In New York, intimate tragedies often provide the clearest view of our bleakest problems, the most urgent invitation to reckon with systemic failings.
The case of Nicolas Feliz Dominici, almost 2, who authorities say died after exposure to fentanyl hidden near nap mats in a Bronx day care, affords us harsh vantages — on the darkest inadequacies of our child care apparatus, its slippery regulation, and the apparently unstoppable flow of synthetic opioids into the country.
The child’s death also suggests, if less obviously, the danger of living arrangements common in parts of the city, in which domestic space is frequently commandeered for the purpose of making money.
Over the past several months, Grei Mendez ran Divino Niño day care as a home-based outfit on Morris Avenue, where she was also renting a room to her husband’s cousin, a recent Dominican immigrant, for $200 a week.
That a day care-cum-boarding house with a stealth drug operation was the best possible option for the eight or so children enrolled tells us more emphatically than anything else just how limited the caregiving options for struggling parents remain. Nicholas’s father, Otoniel Feliz, has said that he had no idea that a tenant was living there when he sent his son to the center. Had he known, he might have made a different choice.
The tenant, Carlisto Acevedo Brito, and Ms. Mendez have been charged with murder and also face federal narcotics charges as investigators explore the unsettling proposition that the center was merely a front for a drug mill, involving Ms. Mendez’s husband, who is still being sought. A press used to prepare drugs for sale was found in a closet inside Mr. Acevedo Brito’s bedroom and his phone messages, prosecutors said, pointed to involvement in trafficking.
But Ms. Mendez, who wept during her most recent court appearance, has denied knowing that her licensed and recently inspected home business had become a stash house for a kilo of fentanyl and the accompanying paraphernalia. Her lawyer said at her arraignment in the Bronx that “her only crime is renting a room.”
Whether or not that is the real story, the circumstances of this death give us a broad look at some of the most horrific possibilities in a city defined by constrained space — where every square foot can seem contested, pressed into multiple service. This was the second time in just a few weeks that a devastating loss proved to be the collateral damage of an informal leasing agreement. Last month, a 43-year-old woman named Zhao Zhao was killed in her apartment in Sunset Park in Brooklyn when a man went after her with a hammer, also injuring her two children, 3 and 5, who face a long recovery as they learn again how to walk. Prosecutors had initially expected them to die.
The apartment had three rooms; Ms. Zhao and her children occupied one, a single person lived in a second, and a 9-year-old boy took up the third with his father, who was charged in the killing. The families had argued over the state of the kitchen and bathroom, and internet access — the various inconveniences and deprivations that come with living on top of one another.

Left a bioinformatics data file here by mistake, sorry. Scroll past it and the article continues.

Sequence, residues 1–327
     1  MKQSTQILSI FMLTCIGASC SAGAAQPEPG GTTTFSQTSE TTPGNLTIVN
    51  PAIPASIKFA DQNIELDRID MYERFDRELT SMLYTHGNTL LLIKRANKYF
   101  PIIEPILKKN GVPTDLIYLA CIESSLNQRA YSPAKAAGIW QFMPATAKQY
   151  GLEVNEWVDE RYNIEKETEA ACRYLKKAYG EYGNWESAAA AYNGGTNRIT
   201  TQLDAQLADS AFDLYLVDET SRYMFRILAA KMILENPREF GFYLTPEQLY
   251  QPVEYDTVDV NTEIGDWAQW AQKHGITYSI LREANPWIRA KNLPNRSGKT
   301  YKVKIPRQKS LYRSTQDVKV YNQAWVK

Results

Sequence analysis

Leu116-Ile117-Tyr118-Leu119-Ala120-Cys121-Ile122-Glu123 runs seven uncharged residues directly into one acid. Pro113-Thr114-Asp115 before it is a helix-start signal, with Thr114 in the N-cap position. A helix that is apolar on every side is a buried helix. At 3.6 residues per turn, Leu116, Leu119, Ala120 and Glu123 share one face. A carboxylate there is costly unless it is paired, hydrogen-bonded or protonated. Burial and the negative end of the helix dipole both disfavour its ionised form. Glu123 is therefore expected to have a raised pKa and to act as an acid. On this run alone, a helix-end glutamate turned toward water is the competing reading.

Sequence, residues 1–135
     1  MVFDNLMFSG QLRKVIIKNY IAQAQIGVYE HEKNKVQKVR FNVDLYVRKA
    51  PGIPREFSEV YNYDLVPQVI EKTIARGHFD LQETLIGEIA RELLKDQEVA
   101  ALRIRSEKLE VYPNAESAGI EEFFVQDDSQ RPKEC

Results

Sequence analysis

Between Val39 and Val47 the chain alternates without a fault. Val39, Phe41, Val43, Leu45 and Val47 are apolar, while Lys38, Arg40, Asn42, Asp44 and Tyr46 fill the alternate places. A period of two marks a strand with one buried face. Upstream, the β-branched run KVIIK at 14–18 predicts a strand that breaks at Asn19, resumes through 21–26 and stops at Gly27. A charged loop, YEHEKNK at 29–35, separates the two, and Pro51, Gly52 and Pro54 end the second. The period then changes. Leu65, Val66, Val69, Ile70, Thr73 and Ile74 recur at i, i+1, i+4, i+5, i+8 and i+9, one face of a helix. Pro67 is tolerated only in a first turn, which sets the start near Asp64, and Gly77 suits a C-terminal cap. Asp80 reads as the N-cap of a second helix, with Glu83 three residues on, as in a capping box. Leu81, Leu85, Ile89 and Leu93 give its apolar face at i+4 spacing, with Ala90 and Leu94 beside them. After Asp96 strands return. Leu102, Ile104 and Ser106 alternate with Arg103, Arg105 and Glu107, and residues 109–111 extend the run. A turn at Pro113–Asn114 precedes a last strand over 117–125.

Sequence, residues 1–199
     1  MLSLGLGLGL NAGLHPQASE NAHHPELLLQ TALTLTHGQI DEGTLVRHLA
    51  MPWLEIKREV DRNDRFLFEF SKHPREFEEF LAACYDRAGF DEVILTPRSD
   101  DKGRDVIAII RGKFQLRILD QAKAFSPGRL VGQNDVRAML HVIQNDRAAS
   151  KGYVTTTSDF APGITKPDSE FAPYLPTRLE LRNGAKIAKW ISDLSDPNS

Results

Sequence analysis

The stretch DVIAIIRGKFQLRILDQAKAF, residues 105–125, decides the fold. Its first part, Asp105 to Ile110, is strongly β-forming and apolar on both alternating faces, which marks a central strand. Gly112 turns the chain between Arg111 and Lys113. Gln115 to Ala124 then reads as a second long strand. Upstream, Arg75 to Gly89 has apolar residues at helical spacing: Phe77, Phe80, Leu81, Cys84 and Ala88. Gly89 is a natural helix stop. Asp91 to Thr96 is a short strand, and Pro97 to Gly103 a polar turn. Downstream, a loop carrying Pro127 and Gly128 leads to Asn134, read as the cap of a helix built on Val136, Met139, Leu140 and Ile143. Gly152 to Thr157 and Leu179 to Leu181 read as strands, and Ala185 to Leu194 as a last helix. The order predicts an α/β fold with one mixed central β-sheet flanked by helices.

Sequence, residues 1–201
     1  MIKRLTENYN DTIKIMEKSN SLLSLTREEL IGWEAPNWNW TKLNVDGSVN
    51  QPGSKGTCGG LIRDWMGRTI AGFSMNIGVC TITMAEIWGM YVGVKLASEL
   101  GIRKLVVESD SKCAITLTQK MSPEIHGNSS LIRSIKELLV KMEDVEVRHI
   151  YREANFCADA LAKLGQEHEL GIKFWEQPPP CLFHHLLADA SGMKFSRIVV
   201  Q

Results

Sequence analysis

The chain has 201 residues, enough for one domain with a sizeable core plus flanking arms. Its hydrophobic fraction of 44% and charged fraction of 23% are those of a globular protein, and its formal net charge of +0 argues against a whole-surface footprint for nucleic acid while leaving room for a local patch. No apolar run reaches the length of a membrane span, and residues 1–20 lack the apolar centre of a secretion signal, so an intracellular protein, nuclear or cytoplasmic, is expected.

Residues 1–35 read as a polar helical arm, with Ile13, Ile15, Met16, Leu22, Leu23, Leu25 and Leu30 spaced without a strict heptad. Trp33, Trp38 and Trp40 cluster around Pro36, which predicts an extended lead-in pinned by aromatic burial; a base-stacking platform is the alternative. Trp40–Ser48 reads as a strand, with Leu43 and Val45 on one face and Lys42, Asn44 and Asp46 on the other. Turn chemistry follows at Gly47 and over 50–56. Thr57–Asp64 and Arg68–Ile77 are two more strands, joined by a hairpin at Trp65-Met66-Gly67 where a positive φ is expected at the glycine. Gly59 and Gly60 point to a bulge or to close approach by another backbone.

Overcrowding is common in the neighborhood. Ms. Zhao and her family “were trying their best to survive, to make rent, to have every room occupied,” said Alexa Aviles, the City Council representative in Sunset Park. The city has turned away from these realities, she told me, “even as it knows that overcrowding is problematic.”
To some extent that is vastly understating things. A few years ago, a fire in another apartment building in Sunset Park revealed the scope and hardship of the situation, given that there were roughly 160 people living in 40 small units. Those families are now dispersed throughout the city, their community and social networks having dissolved.
The housing shortage, and the fact that many accommodations for the poor are in terribly maintained buildings, throw that particular scenario into high and troubling relief. Even on a less catastrophic scale, the harm of crowded living, especially for children, is well documented. Last year, the Community Service Society of New York, a 180-year-old organization devoted to promoting economic equality, found that more than a quarter of city families with children were living in overcrowded conditions. Rates for immigrant households were even higher.
A decade or so ago, the journal Social Science Research set out to look at the ways in which crowded housing affected children’s academic achievement, health and behavior in part by using data collected from a survey of families in Los Angeles. It found that living in a crowded house or apartment harmed children in a variety of ways even when controlling for socioeconomic factors. Previous research had shown that crowded living spaces led adults to withdraw psychologically, created strained relationships between parents and children, and made for a higher incidence of children being left back in school.
Nicholas’s parents chose Divino Niño because it was affordable in a city where child care, like housing, notoriously is not. So many terrible things that happen in New York are the result of these conjoined emergencies, what social scientists call “a crisis of social reproduction.”
“The daily work of keeping a household going and keeping members fed and healthy is increasingly difficult,” as David Madden of the London School of Economics, put it. And for the most vulnerable, the most ordinary transactions all too often become deadly.
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